A 2010 survey of federal district court judges conducted by the U.S. Sentencing Commission yielded some results that are very interesting to Atlanta criminal defense attorneys. The survey covered five broad areas:
- Statutory and structural sentencing issues
- Sentencing hearings
- Guideline application issues
- General assessments
67.8 percent of the judges surveyed responded. The judges who responded presided over 79 percent of the federal sentences in 2008 and 2009. Out of the 50 judges who sentenced the most people, 43 responded.
The judges thought the mandatory minimums for all offenses was generally too high – 62%; too low – 0%; appropriate – 38%.
For specific offenses, the judges thought the mandatory minimum sentences were:
- Trafficking crack cocaine – 76% said too high
- Receipt of child pornography – 71% said too high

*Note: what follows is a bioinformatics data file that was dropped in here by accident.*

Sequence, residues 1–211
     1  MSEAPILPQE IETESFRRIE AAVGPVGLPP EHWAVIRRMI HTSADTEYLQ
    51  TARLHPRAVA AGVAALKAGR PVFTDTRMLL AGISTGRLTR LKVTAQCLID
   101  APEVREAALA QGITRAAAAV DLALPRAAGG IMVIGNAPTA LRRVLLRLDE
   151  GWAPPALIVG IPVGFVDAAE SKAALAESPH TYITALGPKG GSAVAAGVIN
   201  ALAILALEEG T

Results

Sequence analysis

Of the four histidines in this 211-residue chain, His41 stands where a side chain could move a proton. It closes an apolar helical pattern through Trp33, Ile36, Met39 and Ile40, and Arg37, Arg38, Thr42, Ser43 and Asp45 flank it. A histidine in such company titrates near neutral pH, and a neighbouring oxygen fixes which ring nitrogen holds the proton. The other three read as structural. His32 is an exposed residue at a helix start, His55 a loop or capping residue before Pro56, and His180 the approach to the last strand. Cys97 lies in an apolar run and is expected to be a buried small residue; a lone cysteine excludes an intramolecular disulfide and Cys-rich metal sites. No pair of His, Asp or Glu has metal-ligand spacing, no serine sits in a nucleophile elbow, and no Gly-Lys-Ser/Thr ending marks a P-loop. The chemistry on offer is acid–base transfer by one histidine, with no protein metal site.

- Trafficking marijuana – 54% said too high
Some offenses that some judges thought had mandatory minimums that were too low:
- Production of child pornography – 10% said too low
- Aggravated identity theft – 18% said too low
58 percent of the judges strongly or somewhat agreed that sentencing guidelines should be de-linked from statutory minimum sentences (i.e., the guideline ranges should be set by the Commission independently from mandatory minimum sentences).
66 percent of judges strongly or somewhat agreed that courts should have the authority to order restitution to victims in all cases.
66 percent of judges strongly or somewhat agreed that the distinction between a minor or minimal participant, and the distinction between and organizer/leader and manager/supervisor should be explained more clearly.
Source: U.S. Sentencing Commission, “Results of Survey of United States District Judges January 2010 through March 2010”